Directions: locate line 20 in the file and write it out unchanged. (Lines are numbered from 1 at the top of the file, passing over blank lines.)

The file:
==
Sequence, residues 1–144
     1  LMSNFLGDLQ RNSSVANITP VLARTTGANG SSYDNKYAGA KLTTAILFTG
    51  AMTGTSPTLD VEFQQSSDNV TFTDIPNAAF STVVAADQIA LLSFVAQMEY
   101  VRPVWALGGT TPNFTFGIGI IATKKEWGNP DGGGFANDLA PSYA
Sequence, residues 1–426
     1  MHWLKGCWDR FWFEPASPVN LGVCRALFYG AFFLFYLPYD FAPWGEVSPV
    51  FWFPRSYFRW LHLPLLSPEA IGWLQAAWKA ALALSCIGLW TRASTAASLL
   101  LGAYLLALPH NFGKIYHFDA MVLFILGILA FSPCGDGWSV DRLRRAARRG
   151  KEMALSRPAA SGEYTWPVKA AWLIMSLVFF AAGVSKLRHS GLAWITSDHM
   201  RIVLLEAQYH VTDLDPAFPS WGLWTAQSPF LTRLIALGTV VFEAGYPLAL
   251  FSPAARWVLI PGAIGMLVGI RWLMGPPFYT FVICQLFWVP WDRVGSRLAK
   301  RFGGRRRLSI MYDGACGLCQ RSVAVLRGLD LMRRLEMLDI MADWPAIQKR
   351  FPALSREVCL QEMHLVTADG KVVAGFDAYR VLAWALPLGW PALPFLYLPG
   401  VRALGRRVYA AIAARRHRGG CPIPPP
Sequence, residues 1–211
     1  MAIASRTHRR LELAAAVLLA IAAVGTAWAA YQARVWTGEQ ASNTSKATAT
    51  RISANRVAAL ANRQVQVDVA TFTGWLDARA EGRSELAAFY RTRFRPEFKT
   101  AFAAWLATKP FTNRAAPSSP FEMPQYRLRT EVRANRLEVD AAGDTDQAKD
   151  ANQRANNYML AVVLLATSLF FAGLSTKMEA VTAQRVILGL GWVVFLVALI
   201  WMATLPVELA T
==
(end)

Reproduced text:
   201  WMATLPVELA T